It was perhaps inevitable that in his attempt to revive the Western as a popular genre, Verbinski would revisit the themes which served it best in the past. The spreading of the rail-roads and the implications relating to power and progress that come with it, have provided ample material for Westerns at least as far back as John Ford’s The Iron Horse in 1924, and while The Lone Ranger might be open to accusations of a lack of originality in this respect, it can at least point to its re-imagining of the invention of the Lone Ranger with some justification. Rather than portraying Tonto as a slavishly devoted adjunct of the Lone Ranger, their relationship here is often seen as adversarial, even though they always end up on the same side sooner or later. However, the movie does perhaps spread its net a little too wide by allowing itself to be distracted by subjects as important as the ill-treatment and murder of Native Indians by the US Army. Topics like this are surely too important to be treated as little more than a minor sub-plot in a knockabout blockbuster. This sudden shift in tone, which occurs a couple of times in the movie, is a little too jarring to work successfully, and the distractions from the main plot account for the film’s over-long running time of 149 minutes.
The film’s influences are amusingly referenced throughout. Much of the action takes places in Monument Valley, a favourite location of Ford’s, and the attack on the ranch by white men posing as Commanches is similar to that in Ford’s The Searchers, while the relationship between John Reid and his older brother echoes that of James Stewart and John Wayne in The Man Who Shot Liberty Valance. And as well as it’s soundtrack containing echoes of Sergio Leone’s Spaghetti Westerns, The Lone Ranger makes use of such familiar props from the Italian’s films as a pocket watch and a journey across the desert under the protection of a ladies umbrella. But these references are always worked into the main thrust of the action, rather than requiring scenes to be constructed for the sole purpose of incorporating them, so that The Lone Ranger establishes and maintains its own character.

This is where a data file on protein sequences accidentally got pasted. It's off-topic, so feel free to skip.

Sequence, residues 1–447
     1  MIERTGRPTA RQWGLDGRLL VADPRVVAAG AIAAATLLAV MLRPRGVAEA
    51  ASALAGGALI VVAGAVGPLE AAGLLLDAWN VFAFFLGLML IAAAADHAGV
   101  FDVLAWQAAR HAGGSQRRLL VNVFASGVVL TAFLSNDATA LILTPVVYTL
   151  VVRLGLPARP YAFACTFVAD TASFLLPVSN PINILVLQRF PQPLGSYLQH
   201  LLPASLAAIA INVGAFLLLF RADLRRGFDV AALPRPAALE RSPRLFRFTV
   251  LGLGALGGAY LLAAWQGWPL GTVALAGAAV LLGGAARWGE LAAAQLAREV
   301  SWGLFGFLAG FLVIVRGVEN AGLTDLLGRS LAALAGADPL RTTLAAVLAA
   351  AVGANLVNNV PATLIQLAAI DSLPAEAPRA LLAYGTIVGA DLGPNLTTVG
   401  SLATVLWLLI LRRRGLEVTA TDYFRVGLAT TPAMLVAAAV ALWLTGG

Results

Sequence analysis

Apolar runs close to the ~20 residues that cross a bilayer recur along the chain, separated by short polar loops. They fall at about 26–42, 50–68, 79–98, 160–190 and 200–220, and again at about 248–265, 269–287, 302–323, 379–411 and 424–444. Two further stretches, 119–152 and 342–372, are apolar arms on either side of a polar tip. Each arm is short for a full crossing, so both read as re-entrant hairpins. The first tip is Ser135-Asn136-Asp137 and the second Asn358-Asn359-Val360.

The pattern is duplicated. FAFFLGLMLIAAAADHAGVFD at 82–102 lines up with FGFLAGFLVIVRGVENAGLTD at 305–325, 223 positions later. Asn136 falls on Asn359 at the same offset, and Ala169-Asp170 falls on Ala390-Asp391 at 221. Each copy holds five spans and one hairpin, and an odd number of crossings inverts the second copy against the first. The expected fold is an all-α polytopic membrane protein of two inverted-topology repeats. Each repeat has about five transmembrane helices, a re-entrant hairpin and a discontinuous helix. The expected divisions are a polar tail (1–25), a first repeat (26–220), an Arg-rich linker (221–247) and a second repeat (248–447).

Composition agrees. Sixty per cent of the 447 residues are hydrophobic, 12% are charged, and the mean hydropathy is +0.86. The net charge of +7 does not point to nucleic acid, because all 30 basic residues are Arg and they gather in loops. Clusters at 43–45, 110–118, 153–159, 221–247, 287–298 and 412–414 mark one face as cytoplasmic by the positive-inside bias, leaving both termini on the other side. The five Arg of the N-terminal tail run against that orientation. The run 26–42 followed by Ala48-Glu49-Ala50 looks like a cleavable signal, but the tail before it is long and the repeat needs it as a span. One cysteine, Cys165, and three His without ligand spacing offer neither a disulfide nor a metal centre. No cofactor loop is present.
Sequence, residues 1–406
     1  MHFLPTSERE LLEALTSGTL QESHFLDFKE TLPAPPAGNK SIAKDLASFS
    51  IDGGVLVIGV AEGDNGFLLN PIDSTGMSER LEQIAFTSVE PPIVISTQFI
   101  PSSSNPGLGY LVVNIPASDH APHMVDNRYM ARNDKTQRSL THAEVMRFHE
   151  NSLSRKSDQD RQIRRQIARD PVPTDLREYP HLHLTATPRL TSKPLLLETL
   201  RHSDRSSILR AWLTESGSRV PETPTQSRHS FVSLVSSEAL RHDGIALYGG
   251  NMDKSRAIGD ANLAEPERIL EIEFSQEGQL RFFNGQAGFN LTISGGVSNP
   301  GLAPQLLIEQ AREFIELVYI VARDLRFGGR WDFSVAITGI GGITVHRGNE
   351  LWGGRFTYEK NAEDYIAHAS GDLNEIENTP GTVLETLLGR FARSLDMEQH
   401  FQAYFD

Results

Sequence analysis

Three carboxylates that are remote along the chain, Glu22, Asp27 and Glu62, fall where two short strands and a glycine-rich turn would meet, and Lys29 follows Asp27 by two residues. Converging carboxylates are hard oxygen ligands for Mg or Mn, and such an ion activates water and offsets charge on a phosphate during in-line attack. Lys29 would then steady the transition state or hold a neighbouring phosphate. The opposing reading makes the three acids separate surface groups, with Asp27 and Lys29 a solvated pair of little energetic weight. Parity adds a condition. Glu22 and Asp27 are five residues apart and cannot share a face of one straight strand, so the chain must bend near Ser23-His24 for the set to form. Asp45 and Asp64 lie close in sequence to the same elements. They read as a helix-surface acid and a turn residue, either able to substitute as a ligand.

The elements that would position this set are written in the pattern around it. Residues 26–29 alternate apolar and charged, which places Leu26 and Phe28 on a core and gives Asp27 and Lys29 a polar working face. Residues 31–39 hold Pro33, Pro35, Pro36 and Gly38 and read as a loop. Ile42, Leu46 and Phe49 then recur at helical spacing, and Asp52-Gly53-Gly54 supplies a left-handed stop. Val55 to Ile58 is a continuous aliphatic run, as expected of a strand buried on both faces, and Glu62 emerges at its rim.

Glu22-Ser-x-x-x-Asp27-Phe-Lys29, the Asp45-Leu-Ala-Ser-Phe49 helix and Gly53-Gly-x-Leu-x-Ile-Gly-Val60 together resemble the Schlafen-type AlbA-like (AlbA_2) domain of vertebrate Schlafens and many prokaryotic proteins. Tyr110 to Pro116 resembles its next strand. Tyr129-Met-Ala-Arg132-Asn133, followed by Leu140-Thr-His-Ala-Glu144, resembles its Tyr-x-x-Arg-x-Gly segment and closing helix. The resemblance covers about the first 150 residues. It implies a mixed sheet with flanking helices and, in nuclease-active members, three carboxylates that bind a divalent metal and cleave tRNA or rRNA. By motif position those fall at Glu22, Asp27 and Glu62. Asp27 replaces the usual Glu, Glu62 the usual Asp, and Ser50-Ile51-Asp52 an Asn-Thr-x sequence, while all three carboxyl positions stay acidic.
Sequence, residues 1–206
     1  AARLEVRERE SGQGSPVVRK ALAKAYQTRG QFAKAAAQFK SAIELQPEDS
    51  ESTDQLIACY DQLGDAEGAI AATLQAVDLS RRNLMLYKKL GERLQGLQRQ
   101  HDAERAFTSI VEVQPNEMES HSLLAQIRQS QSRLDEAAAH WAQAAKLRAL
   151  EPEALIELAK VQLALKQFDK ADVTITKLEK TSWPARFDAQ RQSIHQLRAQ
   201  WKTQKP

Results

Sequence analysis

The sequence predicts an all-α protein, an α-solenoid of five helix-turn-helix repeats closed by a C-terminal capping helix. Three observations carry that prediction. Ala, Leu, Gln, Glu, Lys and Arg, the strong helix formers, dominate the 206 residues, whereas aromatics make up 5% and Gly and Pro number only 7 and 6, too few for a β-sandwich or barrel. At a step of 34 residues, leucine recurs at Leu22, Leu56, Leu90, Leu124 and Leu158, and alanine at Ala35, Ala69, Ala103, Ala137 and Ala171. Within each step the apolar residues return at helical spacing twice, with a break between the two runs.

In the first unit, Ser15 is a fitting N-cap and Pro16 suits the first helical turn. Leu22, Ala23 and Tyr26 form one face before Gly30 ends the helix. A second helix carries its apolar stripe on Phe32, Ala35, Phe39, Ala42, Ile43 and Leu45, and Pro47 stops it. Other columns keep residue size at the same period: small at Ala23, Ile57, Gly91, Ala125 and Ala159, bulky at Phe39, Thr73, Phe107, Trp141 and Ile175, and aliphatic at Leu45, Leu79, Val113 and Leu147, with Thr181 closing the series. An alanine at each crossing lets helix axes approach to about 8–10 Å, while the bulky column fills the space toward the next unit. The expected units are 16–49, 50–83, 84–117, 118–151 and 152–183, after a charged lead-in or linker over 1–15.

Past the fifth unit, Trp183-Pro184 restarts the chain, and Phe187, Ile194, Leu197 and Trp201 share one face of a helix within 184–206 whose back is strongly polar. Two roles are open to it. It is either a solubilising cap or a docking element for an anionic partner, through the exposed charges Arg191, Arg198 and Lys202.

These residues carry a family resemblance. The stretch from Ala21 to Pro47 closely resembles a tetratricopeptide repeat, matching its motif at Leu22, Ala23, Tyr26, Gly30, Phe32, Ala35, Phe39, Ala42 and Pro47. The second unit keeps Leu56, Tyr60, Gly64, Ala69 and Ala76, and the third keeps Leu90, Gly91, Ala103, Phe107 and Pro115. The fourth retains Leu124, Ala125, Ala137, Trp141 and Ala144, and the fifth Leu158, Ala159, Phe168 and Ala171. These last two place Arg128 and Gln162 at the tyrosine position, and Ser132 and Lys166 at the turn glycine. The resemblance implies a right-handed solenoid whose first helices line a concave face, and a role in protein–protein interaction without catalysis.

Although Armie Hammer is the ostensible leading man, it is, of course, Johnny Depp’s movie, and in Tonto he creates a reliably off-kilter character who is far removed from the dubious swaggering charms of Captain Jack Sparrow, and yet retains the same deviousness. Hammer’s task is fairly thankless in the light of this, and despite Depp’s poker-faced delivery, Hammer constantly finds himself overshadowed in their scenes together, despite delivering a decent enough performance. The duo does manage to generate some chemistry together and, had the movie’s box office performance not been hampered by the unaccountably hostile reception from many critics, they could have developed into a solid duo in any forthcoming sequels, given the opportunity.
To its credit, The Lone Ranger makes only sparing use of the instantly recognisable images and quotes from the original series, with the William Tell Overture theme music only kicking in for the exhilarating (and hair-raising) finale. But when it does finally arrive it’s enough to send an anticipatory shiver down the spine of even those (like me) who never saw the TV series. Quite how that works, I don’t know, but there it is, and it’s a measure of the quality of The Lone Ranger that it succeeds in doing so. So don’t listen to the blinkered views of those with agendas or blunt axes. Rent The Lone Ranger and enjoy the ride…